The United States does not expect European defense cooperation in East Asia.
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relations. More generally, Europe lacks the leverage in East Asia to contribute to U.S. efforts to cooperate with China on cyber security, governance in the developing world, and other global issues. Aside from intra-European issues, China seems to all but ignore the European countries as political actors. If Europe is to contribute to sustained transatlantic cooperation and to the relevance of NATO, it will have to compensate for the U.S. preoccupation with Asia with a greater contribution to common vital U.S.-European security interests in Europe and on the European periphery. Europe’s most vital security interests concern political instability and the regional balance of power, including the likely long-term challenge posed by the re-emergence of Russian military power. For the United States, these are also vital security interests. The United States and Europe also have common security interests in the northern Mediterranean. Europe has the potential to meet these challenges without U.S. leadership. A modern European rapid deployment capability, either developed by the EU or independently by the larger European states, could take the lead in quelling northern Mediterranean crises. Russia may emerge as a challenge to European stability, but will not have the overwhelming capabilities of the Soviet empire. Europe can manage Russian power today much the way Europe managed Russian power in the 19th century. In so doing, Europe would contribute to both U.S. and European security and make a vital contribution to transatlantic cooperation. But to contribute to a new model of transatlantic burden sharing, Europe will have to change. First, the major European countries will have to reform their economies to enable them to fund an adequate defense capability. Britain and France spend less than 2.5 percent of GDP and 2.0 percent of GDP on defense, respectively, and the rate continues to fall. German defense spending is approximately 1 percent of its GDP. U.S. defense spending is over 4.5 percent of GDP. Second, European countries will have to develop the resolve to assume leadership in security affairs. Despite frequent calls over the past 15 years by the European Council for Europe to “assume its responsibilities” for security and defense by developing a European Rapid Reaction Force, there has been minimal progress. Military acquisitions and defense readiness required for European security
demand a significantly greater European commitment to European defense. At the end of World War II, the United States and Europe established transatlantic cooperation on the foundation of their common security interests. In the 21st century sustained and vital cooperation is possible only through continued security cooperation. Given the realities of U.S. interests in East Asia and its limited capabilities and Europe’s unrealized capabilities, the prospects for transatlantic cooperation will depend on Europe’s contribution to its own security. The alternative is drift and decay in transatlantic relations and European instability. European leadership in the defense of Europe is a realistic objective and is the prerequisite to transatlantic cooperation, but it will require Europe to develop adequate resolve to devote the resources necessary.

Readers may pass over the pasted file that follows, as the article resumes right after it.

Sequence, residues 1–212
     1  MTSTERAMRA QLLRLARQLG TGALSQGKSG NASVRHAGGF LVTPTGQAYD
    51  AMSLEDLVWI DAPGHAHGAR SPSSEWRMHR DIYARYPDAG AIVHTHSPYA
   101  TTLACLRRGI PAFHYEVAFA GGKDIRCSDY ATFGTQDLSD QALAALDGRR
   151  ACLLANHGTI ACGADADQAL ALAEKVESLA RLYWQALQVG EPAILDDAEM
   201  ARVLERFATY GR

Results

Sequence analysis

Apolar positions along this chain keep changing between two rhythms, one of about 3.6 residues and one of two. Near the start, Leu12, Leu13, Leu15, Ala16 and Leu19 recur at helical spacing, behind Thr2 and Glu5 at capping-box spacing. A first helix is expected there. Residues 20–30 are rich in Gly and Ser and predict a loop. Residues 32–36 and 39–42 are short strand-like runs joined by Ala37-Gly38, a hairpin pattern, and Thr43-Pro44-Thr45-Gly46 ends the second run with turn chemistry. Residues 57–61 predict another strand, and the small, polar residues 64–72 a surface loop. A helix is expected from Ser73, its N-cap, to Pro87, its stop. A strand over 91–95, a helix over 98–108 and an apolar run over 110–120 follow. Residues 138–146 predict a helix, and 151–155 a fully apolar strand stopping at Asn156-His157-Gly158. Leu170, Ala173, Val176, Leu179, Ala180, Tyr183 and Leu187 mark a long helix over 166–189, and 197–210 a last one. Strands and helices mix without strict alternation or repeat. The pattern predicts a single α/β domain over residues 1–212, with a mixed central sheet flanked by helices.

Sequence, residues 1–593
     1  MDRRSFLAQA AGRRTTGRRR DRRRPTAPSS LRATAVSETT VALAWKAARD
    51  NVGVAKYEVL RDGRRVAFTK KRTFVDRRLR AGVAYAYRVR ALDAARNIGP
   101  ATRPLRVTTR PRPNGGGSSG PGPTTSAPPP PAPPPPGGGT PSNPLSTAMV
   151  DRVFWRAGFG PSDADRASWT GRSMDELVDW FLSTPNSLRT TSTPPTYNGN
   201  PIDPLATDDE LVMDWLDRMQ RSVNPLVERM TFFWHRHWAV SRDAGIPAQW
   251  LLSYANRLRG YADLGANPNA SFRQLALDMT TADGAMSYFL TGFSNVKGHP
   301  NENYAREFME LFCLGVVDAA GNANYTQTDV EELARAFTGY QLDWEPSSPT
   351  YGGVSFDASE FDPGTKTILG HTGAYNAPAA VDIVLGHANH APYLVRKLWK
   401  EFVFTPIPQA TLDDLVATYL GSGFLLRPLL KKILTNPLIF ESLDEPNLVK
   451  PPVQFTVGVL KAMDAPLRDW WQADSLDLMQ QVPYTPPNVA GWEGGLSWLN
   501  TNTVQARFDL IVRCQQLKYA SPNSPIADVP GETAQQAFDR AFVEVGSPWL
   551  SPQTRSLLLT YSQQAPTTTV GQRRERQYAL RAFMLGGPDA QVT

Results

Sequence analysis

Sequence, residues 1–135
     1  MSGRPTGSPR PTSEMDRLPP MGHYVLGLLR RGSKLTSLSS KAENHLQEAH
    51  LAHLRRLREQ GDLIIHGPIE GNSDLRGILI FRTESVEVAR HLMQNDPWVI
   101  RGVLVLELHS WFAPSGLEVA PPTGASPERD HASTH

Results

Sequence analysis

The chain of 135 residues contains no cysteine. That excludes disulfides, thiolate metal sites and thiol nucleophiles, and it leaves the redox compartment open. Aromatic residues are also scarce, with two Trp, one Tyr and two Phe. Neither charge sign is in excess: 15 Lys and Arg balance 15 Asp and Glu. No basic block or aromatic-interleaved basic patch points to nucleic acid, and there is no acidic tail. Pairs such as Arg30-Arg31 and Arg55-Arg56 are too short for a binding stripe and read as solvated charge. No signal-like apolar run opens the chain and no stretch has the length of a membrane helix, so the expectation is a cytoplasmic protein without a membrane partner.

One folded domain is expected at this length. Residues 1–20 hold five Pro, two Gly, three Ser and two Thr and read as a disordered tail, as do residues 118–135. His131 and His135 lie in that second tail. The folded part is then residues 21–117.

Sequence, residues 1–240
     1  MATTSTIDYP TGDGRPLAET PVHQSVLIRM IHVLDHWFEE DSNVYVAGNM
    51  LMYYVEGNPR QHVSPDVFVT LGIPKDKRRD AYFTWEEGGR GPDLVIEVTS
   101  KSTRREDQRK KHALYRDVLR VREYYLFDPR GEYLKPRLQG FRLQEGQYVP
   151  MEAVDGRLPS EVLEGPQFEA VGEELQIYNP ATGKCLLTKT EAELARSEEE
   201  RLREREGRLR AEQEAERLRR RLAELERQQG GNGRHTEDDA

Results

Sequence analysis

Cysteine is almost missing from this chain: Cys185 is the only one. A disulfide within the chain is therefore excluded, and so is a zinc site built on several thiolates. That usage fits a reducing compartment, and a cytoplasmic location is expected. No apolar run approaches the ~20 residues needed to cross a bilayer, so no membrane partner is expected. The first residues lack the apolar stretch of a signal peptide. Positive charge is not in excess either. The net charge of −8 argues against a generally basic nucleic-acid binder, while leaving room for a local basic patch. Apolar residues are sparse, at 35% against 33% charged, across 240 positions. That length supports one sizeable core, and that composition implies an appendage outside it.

About the Author
Robert S. Ross is a professor of political science at Boston College and an associate at the John King Fairbank Center for Chinese Studies at Harvard University.
The German Marshall Fund of the United States (GMF) strengthens transatlantic cooperation on regional, national, and global challenges and opportunities in the spirit of the Marshall Plan. GMF does this by supporting individuals and institutions working in the transatlantic sphere, by convening leaders and members of the policy and business communities, by contributing research and analysis on transatlantic topics, and by providing exchange opportunities to foster renewed commitment to the transatlantic relationship. In addition, GMF supports a number of initiatives to strengthen democracies. Founded in 1972 as a non-partisan, non-profit organization through a gift from Germany as a permanent memorial to Marshall Plan assistance, GMF maintains a strong presence on both sides of the Atlantic. In addition to its headquarters in Washington, DC, GMF has offices in Berlin, Paris, Brussels, Belgrade, Ankara, Bucharest, Warsaw, and Tunis. GMF also has smaller representations in Bratislava, Turin, and Stockholm.
Dr. Alexandra de Hoop Scheffer Director, Paris Office German Marshall Fund of the United States Tel: +33 1 47 23 47 18 Email: firstname.lastname@example.org